In this section of our Ultralearning read author Scott Young is talking about using drills to attack your weakest point. I didn't foresee this being useful for writers or for researching a concept like history, versus skills like language, coding, or woodworking. (Someone's doing that at our house.) However, he starts with another long case study, this one about Benjamin Franklin, how writing had a big impact on many things he did, and how he consciously worked to improve it as a young person.
The idea that "one component of a complex skill determines your overall
level of performance" is the reasoning behind using drills. Don't spread
your energy over all the skills needed for the task until you've got
this one down. That will make the learning faster in the long run.
Our Case Study: My feeling is that I need to get the history issue down and that will make things fall into place for the plot of the project I'm working on. So you could say history is the skill I need to drill. However, it isn't a skill, it's a knowledge base, and I'm struggling with coming up with a way to drill history. Especially since Young says drills should "simplify a skill enough that you can focus your cognitive
resources on a single aspect." (Did my high school math and French teachers know
Young's strategy behind drills: Determine the weakest step in what you need to do, analyze it, and deliberately practice it. It should be something that "governs the overall competence you have with that skill, by improving it you will improve faster than if you try to practice every aspect of the skill at once."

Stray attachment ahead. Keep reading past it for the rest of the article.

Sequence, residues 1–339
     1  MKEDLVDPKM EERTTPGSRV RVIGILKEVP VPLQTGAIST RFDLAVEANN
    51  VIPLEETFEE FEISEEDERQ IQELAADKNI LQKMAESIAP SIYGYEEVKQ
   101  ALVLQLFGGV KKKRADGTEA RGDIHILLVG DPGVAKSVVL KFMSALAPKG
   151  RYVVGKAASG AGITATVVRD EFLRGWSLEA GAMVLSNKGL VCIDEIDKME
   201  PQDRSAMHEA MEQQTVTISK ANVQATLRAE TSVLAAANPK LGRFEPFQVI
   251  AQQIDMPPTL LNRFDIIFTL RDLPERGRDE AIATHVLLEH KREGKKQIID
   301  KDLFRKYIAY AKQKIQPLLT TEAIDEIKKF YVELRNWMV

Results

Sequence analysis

Our Case Study: History is the weak step in my writing project, so I have been analyzing it and collecting material to learn about it. Maybe drill ideas will come up after I get to that.
Drills for ultralearners shouldn't be as mind-numbing as they are in traditional education because we have identified what we need to know, ourselves. "...carefully designed drills elicit creativity and imagination as you strive to solve a more complex learning challenge by breaking it into specific parts."
Our Case Study: That last part sounds wonderful. I'm just not seeing how I can come up with drills around learning methodologies for studying history.
I'm not even halfway through this book. Other projects and holidays have put this on a back burner. I'm also feeling that the time I'm using reading this thing could be better used reading the materials I've collected on my subject and looking for more.